Date of Award

2021

Document Type

Dissertation

Degree Name

Doctor of Philosophy

College

College of Education and International Services

Program

Curriculum and Instruction PhD

First Advisor

Luana Greulich

Second Advisor

Larry Burton

Third Advisor

Robin Moyher

Abstract

Problem

Limited research exists regarding the professional development program processes and components used to train instructors to equip students with intellectual and developmental disabilities to receive greater support and access to the benefits of a postsecondary educational experience.

Purpose of the Study

The principal purpose of this research was to conduct a multiple case study of inclusive postsecondary education (IPSE) programs known as Transition Programs for Students with Intellectual Disabilities (TPSID) and/or Comprehensive Transition Programs (CTP) at institutions of higher education across the United States to examine training provided to instructors teaching students with intellectual and developmental disabilities (IDD) who were enrolled in typical college courses.

Method

A qualitative, multiple case study design was used. Five IPSE programs across the United States comprised the sample for this study. Two types of sampling were used: convenience sampling and non-probability or purposeful sampling. Convenience sampling was used to select the five IPSE programs based on their willingness to participate and provide the needed documents for analysis. Purposeful sampling was used to select the interview participants based on their ability to provide the most insight and understanding of the instructor training processes.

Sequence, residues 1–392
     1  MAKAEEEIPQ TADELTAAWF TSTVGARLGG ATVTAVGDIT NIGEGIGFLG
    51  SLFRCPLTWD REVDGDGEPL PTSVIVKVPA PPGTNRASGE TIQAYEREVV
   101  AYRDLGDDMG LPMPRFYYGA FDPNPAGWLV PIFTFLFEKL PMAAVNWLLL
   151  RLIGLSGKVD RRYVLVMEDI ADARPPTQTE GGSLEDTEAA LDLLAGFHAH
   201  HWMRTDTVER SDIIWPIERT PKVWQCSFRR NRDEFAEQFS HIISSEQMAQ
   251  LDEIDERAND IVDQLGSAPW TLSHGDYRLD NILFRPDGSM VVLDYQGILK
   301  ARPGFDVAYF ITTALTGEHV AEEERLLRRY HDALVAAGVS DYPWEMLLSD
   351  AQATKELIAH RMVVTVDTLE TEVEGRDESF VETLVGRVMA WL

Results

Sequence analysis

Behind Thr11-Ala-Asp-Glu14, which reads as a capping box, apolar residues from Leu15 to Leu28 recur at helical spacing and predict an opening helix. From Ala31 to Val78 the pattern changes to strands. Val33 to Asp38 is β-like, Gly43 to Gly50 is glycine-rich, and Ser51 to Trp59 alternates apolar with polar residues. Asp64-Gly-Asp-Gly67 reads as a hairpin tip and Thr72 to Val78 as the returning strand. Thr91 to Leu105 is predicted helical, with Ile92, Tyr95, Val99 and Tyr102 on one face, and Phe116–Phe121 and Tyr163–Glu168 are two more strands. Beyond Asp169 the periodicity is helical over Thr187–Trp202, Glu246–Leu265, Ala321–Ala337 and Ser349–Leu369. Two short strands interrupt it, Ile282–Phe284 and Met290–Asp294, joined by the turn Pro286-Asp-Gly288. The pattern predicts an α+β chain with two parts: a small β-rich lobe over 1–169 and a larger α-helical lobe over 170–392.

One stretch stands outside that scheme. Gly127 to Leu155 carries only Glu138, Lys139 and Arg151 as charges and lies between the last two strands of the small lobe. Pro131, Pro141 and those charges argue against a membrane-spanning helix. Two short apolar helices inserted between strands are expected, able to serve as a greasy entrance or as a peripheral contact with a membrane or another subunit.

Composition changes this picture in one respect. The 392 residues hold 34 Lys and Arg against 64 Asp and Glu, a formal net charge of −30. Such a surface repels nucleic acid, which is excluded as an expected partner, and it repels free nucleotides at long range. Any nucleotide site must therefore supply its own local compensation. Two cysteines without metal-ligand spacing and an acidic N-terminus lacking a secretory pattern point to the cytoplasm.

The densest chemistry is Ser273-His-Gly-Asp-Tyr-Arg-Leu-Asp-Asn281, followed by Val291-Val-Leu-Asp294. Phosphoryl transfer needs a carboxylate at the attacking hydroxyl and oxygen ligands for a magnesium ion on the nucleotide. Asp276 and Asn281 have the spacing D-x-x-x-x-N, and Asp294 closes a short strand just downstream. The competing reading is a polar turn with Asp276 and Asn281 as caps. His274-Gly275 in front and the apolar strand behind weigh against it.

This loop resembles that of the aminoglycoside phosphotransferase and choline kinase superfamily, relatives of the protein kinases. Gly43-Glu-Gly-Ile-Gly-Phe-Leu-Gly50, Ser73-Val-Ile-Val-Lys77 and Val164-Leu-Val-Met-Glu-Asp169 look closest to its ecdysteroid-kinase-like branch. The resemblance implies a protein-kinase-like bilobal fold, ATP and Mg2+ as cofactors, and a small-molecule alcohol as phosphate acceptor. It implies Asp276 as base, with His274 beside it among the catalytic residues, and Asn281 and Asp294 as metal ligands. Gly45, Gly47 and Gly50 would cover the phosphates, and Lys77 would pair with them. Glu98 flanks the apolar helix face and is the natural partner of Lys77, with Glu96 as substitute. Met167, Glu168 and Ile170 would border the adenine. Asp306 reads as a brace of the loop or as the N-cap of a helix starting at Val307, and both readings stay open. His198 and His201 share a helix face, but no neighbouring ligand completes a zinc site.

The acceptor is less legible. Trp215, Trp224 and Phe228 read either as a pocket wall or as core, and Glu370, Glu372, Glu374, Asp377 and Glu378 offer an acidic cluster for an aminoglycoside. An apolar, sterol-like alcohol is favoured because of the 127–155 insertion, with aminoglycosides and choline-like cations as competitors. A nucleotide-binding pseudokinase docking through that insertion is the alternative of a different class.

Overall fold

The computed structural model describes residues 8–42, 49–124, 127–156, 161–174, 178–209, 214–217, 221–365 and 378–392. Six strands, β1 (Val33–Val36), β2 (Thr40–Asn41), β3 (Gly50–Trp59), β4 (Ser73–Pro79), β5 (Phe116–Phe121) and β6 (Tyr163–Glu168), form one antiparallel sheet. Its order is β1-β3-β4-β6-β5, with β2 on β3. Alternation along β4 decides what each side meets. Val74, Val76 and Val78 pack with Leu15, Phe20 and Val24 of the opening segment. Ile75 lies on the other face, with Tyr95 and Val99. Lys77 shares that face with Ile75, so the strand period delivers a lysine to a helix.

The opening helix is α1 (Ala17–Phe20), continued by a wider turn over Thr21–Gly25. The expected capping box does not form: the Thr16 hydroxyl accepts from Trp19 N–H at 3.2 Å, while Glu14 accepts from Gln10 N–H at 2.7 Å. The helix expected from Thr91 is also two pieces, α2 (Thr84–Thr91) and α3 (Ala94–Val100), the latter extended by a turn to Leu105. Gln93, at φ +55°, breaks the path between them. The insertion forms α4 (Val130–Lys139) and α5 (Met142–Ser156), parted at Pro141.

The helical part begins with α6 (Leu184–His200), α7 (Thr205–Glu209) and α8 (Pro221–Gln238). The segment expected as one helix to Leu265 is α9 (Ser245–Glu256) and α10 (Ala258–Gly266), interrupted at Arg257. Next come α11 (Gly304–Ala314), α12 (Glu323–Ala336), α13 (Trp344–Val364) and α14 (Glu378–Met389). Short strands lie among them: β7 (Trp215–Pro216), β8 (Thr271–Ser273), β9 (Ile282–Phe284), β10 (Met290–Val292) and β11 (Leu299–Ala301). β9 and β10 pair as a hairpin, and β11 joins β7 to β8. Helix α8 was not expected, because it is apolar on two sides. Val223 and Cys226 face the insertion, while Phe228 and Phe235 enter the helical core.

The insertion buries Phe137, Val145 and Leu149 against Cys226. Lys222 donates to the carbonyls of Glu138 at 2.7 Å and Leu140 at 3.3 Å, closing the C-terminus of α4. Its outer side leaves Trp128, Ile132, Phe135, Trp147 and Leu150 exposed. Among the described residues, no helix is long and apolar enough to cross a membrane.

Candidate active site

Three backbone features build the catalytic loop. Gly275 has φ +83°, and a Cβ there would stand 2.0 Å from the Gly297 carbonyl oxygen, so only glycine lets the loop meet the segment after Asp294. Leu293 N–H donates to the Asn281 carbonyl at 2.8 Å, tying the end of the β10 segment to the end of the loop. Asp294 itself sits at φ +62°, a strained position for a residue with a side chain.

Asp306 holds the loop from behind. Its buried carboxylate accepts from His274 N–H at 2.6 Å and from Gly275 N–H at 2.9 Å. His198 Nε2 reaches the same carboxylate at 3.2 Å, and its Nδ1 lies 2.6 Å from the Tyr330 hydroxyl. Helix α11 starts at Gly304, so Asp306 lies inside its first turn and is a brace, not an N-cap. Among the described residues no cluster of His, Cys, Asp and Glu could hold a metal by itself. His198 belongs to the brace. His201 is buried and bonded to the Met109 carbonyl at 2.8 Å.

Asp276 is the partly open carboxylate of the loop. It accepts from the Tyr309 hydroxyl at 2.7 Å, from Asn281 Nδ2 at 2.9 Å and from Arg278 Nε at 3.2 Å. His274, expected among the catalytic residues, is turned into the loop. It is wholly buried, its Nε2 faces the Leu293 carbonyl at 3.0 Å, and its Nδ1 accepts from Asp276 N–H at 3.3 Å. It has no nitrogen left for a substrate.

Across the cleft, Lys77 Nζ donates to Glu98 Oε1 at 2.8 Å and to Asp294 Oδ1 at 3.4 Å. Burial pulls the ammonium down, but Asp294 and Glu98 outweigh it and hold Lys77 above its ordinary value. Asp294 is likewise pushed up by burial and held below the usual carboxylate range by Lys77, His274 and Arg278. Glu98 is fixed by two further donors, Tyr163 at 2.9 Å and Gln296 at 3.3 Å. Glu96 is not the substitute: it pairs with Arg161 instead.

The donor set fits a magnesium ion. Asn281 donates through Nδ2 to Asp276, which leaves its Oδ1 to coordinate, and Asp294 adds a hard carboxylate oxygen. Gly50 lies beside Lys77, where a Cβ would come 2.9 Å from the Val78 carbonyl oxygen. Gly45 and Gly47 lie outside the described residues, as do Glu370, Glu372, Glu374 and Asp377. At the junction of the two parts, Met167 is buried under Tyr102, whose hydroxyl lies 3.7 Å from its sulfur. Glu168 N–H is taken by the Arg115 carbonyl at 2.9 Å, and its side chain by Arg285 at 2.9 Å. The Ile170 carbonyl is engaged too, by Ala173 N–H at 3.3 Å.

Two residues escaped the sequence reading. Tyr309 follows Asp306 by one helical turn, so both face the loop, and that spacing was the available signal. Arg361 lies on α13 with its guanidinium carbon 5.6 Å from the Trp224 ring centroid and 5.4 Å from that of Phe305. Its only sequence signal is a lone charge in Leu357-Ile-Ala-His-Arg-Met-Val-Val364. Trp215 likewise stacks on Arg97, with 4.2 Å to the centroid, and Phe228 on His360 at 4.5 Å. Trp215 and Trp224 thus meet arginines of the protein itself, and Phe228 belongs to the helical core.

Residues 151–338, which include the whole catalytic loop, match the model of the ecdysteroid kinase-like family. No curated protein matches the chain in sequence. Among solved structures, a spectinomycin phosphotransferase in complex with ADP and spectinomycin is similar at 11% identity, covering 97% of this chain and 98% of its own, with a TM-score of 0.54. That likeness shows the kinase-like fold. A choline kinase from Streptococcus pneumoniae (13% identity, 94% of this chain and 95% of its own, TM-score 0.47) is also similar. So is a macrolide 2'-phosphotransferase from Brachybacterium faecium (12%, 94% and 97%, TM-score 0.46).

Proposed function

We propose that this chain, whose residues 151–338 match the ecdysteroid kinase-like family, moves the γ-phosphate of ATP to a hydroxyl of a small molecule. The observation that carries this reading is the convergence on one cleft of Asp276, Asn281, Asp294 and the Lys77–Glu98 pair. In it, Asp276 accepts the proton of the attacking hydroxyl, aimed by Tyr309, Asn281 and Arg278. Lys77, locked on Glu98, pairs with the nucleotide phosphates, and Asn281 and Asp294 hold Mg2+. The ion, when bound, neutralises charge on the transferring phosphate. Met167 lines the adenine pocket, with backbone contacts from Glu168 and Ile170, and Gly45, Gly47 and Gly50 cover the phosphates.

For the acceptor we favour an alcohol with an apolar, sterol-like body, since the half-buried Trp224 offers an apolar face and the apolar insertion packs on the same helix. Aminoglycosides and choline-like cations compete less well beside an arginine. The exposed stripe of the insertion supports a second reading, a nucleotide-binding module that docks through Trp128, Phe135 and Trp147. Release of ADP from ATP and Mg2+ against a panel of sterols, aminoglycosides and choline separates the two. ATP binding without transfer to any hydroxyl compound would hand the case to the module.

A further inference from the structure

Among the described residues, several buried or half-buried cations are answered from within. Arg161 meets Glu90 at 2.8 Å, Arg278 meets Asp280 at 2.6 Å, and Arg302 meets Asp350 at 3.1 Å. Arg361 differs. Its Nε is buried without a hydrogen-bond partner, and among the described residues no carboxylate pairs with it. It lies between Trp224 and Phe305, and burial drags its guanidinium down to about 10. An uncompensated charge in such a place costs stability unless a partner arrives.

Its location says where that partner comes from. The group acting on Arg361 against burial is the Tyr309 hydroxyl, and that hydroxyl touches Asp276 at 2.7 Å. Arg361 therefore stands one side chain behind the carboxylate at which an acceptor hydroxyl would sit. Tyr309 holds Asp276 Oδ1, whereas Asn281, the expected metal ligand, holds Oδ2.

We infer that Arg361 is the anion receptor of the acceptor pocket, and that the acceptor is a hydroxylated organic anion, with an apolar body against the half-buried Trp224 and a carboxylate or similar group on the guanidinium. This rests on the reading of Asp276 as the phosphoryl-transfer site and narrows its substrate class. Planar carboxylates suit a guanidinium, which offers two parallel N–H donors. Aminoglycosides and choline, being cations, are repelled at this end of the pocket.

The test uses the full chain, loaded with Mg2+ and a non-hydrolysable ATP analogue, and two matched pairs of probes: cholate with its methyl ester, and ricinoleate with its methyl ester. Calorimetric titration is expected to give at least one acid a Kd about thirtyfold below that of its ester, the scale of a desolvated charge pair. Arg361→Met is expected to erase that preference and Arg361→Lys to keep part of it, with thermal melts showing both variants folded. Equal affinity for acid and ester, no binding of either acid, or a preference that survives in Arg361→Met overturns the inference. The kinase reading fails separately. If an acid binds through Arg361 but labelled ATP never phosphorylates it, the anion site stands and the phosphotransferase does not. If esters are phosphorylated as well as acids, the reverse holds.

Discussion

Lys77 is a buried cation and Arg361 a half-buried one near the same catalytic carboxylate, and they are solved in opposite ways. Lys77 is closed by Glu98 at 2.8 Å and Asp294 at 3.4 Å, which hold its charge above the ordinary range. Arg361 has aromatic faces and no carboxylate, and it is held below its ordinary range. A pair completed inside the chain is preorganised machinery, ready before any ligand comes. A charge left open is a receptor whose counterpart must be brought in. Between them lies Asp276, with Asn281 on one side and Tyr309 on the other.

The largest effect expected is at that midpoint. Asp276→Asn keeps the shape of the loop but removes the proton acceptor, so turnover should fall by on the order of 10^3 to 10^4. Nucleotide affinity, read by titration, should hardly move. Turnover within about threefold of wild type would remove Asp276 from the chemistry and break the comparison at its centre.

To provide a comprehensive examination of the four research questions related to the training development, components, implementation, and evaluation processes for instructors teaching IPSE program students in typical college courses, interviews of the training affiliates, training observations, and document analysis were conducted within the five programs.

Results

There is no unified approach to the training of instructors teaching students with IDD in IPSE programs. However, similarities exist in the training development, implementation, and evaluation processes used across programs. In conjunction with knowledge, skills, and practices, potential barriers to success such as the attitudes of instructors must be addressed. The roles of training affiliates in the development, implementation, and evaluation of the training were described.

Conclusions

The landscape of higher education is changing to provide access and inclusive learning opportunities to a more diverse group of students. There is hope that the institutions of higher education will begin to adopt the teaching and learning practices that best meet the needs of the new and growing group of learner types. Although there has been some progress, much work remains to be done to ensure that instructors are equipped to support the success of students with IDD and other diverse learners.

Subject Area

Teachers--Training of ; College teachers

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